Tonight in the faculty meeting at Phillips Academy, we will discuss Claude Steele’s Whistling Vivaldi. (Steele is a distinguished social psychologist; former provost of Columbia; now dean of education at Stanford.) It’s an exceptionally good book on many levels, assigned to the full faculty by the Access to Success working group at Andover. The social science he presents about stereotype threat is deep and revealing; the personal narratives are compelling; and the ideas for concrete action at schools are constructive.
Steele’s book should be required reading for anyone who works in a school. More broadly, anyone who cares about the present and future of American democracy should read it. The topics that he takes up — the risks associated with stereotype threat and implications for education, politics, and identity — belong at the top of the list of important issues that we face as a country.
It seems fitting to be having this conversation tonight, on the 50th anniversary of James Meredith’s registration at Ole Miss. Yesterday’s lead story in the New York Times (by Adam Liptak) also highlighted the important new challenge to affirmative action that the United States Supreme Court will hear this term. (From the story: “On Oct. 10, the court will hear Fisher v. University of Texas, No. 11-345, a major challenge to affirmative action in higher education.”) It’s unfortunate that we are still struggling at the level of admissions of diverse communities; the discussion should be much further along than it is today.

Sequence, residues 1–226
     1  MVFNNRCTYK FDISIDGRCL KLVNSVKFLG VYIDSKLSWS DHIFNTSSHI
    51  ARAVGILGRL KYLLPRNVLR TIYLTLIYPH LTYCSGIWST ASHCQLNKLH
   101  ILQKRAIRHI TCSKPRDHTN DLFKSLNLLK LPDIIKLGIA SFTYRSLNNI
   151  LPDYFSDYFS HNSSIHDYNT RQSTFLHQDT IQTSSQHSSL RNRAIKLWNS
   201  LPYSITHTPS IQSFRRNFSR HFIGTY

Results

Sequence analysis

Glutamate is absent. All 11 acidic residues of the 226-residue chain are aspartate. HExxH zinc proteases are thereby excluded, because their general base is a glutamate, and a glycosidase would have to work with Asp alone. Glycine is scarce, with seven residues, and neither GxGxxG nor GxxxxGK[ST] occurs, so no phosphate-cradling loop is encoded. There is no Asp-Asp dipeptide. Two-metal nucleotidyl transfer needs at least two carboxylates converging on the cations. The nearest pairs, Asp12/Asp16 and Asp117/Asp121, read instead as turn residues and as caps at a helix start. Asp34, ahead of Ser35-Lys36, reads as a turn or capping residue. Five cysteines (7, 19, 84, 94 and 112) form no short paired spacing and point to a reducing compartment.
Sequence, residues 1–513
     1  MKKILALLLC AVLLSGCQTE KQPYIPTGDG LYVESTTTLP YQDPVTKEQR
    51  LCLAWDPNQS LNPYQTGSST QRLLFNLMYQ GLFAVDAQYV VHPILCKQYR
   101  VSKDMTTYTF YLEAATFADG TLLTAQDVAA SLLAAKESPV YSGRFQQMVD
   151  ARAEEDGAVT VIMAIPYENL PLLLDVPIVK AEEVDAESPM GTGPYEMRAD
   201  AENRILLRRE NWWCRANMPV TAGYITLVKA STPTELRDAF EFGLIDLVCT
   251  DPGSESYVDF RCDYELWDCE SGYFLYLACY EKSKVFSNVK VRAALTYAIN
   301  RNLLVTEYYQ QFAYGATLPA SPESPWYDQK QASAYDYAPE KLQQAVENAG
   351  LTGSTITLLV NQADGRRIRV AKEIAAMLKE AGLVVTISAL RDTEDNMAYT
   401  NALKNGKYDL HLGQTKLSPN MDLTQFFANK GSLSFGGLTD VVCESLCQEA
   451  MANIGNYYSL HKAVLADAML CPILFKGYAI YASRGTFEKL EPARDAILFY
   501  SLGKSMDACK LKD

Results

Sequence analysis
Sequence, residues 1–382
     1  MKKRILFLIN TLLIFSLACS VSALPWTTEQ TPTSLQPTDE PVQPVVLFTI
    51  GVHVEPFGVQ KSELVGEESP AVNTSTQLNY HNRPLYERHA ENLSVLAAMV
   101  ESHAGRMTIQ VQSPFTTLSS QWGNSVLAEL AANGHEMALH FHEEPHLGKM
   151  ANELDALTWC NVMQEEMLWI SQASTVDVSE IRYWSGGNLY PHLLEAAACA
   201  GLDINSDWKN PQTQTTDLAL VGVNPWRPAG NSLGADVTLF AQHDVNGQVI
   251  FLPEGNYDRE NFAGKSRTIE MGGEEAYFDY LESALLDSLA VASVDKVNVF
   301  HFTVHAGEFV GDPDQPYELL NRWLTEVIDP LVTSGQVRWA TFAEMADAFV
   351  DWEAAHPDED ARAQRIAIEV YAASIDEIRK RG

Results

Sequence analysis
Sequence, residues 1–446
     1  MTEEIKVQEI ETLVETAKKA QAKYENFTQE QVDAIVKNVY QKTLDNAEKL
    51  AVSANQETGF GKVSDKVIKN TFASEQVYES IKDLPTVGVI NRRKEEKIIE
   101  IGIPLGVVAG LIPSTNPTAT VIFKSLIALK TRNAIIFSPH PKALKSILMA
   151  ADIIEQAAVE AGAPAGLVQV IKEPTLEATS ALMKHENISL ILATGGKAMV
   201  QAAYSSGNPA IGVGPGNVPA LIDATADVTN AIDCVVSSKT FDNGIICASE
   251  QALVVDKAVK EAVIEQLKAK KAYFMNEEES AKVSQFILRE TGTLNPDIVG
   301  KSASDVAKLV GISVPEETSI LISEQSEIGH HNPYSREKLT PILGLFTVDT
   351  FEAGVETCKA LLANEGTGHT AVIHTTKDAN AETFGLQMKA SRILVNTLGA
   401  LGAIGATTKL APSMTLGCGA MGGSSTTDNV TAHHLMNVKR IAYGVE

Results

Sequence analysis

Instead of arguing about the rules for admissions and whether our campuses should be truly diverse in the first place, the conversation should be about what schools should do once we have highly diverse communities. This issue is crucial to the future of Andover and our educational program. It’s not enough to admit students from a broad range of backgrounds; it’s essential that we are intentional and effective about how we enable all students to succeed and enjoy their time at schools, including but certainly not limited to Andover.
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There are so many excellent lessons here for people from all walks of life! This brings to mind the work of Erving Goffman (http://en.wikipedia.org/wiki/Erving_Goffman), particularly *Stigma* and *The Presentation of Self in Everyday life*.